The fanservice in this show is present but is also reserved and done with more grace and tact than was to be expected. Instead of the gratuitous amount of breasts and panty shots of shows like High School DxD, we instead have more of a reserved sexiness that benefits the show well. Expect a lot of cleavage and breast comedy, but if you are coming in here expecting To-Love Ru levels of ecchi, you’ll end up disappointed. Overall I found the fanservice to be solid and enjoyable and thankfully the plot and characters were done well enough that it was able to strike an excellent balance.

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If you stare into the abyss. The abyss will stare back at you.

 

Finally, while some may raise their eyebrows at the whole “slave” angle, that entire plotline seems to vanish and only come up when it is needed. It may be a fair concern that his show tries to portray the “sexy” version of slavery, Demon Lord isn’t trying to make any statements on the matter and is clearly using it more as a plot device to kickstart and then end the season. Both Shera, Rem and later Klem are all consenting figures when it comes to their relationship with Diablo, and the mutual trust and friendship shared between all three makes the entire story much more enjoyable. There are little if any “rapey” moments in this series and the now legendary scene near the end of the show is only done because Rem herself asks Diablo to do it, and only after he asks if she is ok with it.

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Yes, but in this case, she was LITERALLY asking for it.

How NOT to Summon a Demon Lord is probably the biggest surprise of this season and probably one of the biggest this whole year. This show is made top to bottom with love, affection and a dedication that pays off in every way. There are not cutting corners, no cynical attempts to pander to the viewer, and the performers and animators both in Japan and the West all showed up to play here. Demon Lord is honestly everything about the Harem/Ecchi Genre done right and should be considered a template on how to make a GOOD harem/ecchi show going forward. This is already my Ecchi/titty anime of the year and I don’t see that changing at all. I highly suggest you check this show out if you are interested at all in the genre. It surprised the crap out of me, and I am sure it will do the same to you.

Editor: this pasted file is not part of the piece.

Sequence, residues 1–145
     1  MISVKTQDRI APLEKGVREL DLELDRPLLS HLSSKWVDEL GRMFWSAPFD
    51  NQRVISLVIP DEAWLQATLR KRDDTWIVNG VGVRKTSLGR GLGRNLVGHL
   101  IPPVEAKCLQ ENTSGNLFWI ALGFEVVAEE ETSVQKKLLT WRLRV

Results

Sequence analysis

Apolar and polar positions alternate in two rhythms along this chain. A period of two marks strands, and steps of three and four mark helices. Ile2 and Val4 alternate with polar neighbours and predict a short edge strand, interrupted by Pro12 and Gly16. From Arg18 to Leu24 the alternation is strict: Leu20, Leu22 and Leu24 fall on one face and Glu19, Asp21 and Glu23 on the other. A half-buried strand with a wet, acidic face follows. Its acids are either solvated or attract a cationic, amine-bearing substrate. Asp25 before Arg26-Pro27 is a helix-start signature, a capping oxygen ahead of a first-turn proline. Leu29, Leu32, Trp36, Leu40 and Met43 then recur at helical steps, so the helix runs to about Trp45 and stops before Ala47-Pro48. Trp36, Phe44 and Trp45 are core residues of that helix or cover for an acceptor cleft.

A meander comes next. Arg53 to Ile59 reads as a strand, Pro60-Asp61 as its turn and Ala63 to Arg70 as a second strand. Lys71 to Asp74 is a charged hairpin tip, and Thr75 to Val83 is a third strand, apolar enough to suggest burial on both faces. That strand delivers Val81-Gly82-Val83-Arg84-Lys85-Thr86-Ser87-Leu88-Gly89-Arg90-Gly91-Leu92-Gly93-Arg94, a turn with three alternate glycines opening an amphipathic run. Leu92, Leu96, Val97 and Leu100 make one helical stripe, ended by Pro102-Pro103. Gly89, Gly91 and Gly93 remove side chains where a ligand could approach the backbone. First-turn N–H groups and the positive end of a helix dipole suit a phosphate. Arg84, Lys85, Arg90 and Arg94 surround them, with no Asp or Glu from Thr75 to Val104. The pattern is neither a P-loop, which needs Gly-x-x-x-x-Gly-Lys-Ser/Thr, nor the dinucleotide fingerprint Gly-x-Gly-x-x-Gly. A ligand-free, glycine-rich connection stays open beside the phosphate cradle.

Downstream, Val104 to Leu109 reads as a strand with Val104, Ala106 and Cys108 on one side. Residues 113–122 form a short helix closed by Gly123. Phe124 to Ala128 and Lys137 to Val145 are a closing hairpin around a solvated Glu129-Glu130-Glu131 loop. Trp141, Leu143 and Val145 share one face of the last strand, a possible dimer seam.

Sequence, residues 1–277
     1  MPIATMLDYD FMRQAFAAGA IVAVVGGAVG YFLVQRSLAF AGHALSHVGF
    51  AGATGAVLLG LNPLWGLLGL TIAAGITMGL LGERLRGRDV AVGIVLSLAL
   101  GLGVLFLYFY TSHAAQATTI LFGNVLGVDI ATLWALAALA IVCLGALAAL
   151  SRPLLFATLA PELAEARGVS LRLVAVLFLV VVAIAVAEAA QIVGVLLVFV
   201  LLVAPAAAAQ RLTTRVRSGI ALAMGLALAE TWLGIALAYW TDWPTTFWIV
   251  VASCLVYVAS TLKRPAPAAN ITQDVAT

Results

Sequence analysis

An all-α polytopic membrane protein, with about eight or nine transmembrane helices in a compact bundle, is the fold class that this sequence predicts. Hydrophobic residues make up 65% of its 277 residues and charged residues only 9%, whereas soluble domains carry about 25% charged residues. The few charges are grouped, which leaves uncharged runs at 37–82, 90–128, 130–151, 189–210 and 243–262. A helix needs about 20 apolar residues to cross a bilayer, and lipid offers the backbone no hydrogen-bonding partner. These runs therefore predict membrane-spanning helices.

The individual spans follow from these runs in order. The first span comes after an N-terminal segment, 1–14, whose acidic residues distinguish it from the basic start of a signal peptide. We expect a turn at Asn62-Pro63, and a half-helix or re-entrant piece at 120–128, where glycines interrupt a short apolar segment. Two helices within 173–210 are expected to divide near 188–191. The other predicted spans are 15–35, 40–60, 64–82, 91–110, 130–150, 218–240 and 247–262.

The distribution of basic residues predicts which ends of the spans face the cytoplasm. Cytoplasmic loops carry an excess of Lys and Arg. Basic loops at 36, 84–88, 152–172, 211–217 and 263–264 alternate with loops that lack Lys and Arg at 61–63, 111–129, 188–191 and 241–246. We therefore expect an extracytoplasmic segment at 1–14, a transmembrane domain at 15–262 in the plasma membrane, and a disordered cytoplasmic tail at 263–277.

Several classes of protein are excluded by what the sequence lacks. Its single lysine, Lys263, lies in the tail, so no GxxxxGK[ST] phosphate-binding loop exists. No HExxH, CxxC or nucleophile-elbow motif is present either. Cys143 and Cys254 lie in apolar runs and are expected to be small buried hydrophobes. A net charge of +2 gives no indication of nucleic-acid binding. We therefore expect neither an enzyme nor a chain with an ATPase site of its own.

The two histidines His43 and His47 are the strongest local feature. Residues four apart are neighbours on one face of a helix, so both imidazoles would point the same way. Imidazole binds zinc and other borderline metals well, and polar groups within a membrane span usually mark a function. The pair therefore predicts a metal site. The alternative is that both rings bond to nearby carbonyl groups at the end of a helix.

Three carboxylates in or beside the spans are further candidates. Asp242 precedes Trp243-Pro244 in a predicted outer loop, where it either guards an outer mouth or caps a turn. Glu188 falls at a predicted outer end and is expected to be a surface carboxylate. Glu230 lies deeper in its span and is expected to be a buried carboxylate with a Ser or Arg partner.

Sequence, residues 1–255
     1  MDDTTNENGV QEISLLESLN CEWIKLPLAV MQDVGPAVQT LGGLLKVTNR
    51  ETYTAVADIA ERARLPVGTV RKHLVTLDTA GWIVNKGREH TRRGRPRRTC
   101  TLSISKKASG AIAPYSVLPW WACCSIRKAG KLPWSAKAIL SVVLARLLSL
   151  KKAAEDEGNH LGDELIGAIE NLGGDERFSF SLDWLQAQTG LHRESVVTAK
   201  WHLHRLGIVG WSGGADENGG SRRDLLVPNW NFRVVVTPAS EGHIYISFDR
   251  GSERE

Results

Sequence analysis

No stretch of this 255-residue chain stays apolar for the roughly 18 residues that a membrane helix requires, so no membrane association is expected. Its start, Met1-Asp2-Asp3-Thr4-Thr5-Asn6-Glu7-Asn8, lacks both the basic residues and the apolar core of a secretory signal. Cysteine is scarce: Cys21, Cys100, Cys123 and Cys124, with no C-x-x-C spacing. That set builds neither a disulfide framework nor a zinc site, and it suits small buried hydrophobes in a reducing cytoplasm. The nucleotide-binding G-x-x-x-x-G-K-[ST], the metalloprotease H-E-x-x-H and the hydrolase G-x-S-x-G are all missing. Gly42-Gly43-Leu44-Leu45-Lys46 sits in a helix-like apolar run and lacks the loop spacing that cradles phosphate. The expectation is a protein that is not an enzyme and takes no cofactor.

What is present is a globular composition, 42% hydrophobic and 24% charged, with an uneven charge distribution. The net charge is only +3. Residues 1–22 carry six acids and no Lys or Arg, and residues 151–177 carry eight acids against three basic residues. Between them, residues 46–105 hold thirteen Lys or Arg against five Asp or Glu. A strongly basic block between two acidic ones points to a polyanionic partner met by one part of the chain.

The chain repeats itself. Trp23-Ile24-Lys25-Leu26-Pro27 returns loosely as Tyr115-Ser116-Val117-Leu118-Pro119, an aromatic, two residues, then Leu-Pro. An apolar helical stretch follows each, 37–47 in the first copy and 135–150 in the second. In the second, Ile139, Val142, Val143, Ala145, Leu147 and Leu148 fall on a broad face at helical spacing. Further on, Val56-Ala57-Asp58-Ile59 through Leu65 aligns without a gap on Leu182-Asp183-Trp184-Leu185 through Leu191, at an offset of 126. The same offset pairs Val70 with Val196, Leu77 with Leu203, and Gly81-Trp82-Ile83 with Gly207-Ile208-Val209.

Plus that ending theme song man…just perfection.

3 thoughts on “How NOT to Summon a Demon Lord: Simple, Superb, Successful

  1. I think How Not To Summon a Demon Lord really confirms the simple truth that you don’t need a new idea in a story. You just need to use the idea you have and execute it well. This one was a lot of fun and while I found the fan-service very close to too much, there was enough going on with the story and characters that I kept getting drawn back into the world.

    Like

    • I absolutely agree, and I think that goes for the entire Isekai genre as well. It’s not that people don’t like the premise of Isekai, it’s that the premise is rarely done well, and rarely maintains it’s quality throughout a sesaon. Demon Lord doesn’t break down any barriers, but instead focuses on doing what it is to the best of it’s ability (I mean it could use more nips, but that’s whatever)

      Liked by 1 person